point the beam has energy of 1,4GeV. PS accelerates it to 25GeV before sending
the beam to the Super Proton Syncrotron which will keep it accelerating to
450GeV. After that the beam is transferred to the LHC. In the LHC the beam will
be accelerated for 20 more minutes to achieve the nominal energy of 7 TeV. The
beams travel in beam tubes that are kept in ultrahigh vacuum. Dipole magnets
keep the beams on their course around the ring. (CERN Communication group
2009.)
The two proton beams are travelling almost at the speed of light. After the desired
beam energy is achieved the beams are steered to collide with each other. The
collider accelerator has an advantage if compared to accelerators where a beam
collides with a stationary object as in a collider the collision energy is the sum of
energies of the two beams. Those collisions take place in experiments where the
14
particles released from the collision are detected and the data is stored and sent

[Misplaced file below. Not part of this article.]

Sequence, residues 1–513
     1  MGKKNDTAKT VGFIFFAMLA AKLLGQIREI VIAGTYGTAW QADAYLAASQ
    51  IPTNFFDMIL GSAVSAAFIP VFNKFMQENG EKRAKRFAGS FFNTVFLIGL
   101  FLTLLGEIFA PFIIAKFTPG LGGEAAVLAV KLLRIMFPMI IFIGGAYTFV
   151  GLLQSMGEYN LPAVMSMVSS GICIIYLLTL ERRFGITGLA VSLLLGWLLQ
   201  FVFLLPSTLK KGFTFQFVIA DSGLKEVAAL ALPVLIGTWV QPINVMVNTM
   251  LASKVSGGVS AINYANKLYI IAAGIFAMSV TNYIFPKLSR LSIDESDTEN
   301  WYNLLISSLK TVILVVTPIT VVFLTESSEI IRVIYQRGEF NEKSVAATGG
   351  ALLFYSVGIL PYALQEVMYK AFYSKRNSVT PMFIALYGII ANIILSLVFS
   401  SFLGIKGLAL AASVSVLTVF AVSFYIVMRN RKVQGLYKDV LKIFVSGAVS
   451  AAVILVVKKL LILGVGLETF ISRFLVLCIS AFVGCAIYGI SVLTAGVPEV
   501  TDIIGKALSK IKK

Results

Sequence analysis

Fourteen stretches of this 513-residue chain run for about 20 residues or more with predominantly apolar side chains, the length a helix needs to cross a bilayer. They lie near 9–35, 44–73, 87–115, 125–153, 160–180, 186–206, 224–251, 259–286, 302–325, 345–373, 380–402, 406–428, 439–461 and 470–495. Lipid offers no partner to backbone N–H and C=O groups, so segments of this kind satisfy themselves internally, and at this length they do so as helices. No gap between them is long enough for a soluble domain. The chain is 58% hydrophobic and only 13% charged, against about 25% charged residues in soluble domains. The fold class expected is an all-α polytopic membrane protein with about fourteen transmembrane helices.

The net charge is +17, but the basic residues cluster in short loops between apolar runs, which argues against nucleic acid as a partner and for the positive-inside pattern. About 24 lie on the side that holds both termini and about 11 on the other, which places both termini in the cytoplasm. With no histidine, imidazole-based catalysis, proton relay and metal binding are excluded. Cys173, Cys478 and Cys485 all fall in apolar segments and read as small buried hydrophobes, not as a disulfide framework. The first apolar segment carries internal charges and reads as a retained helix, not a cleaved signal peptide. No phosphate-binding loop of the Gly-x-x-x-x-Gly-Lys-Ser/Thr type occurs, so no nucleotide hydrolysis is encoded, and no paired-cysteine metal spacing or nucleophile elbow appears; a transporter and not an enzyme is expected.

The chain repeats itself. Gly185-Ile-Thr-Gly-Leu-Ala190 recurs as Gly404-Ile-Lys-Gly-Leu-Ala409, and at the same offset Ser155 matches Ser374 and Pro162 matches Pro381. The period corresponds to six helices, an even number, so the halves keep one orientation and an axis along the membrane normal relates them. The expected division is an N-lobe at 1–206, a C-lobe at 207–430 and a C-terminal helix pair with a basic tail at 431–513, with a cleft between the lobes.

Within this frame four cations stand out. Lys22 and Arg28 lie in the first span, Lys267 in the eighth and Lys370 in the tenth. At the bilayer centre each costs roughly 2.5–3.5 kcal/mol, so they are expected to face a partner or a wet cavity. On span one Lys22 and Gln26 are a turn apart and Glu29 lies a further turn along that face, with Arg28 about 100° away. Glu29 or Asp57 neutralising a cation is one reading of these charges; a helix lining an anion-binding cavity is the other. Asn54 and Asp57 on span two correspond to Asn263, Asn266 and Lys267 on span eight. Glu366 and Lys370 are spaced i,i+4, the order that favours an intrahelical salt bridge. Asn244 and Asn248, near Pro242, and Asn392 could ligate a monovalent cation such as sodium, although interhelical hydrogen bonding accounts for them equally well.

forward. (CERN Communication group 2009.)
2.1.4
Research
At CERN there are multiple different researches going on all the time. The experiments carried out at CERN can be divided into two groups: the LHC experiments
and non-LHC experiments. There are altogether 10 different accelerators at
CERN, the Large Hadron Collider being the most well-known and popular. (CERN
2015.)
LHC experiments
On the ring of LHC there are 7 different experiments. They all have detectors
designed and built to analyze particles that are produced by the accelerator. Scientists from different institutes all over the world are running these experiments
together. (CERN 2015.)
ATLAS (Fig. 5) and CMS are the biggest experiments. They both have generalpurpose detectors that are designed to detect and analyze as large range of particles as possible. They both have the same scientific goals but they have different design to have cross-confirmation of new discoveries. The Higgs boson was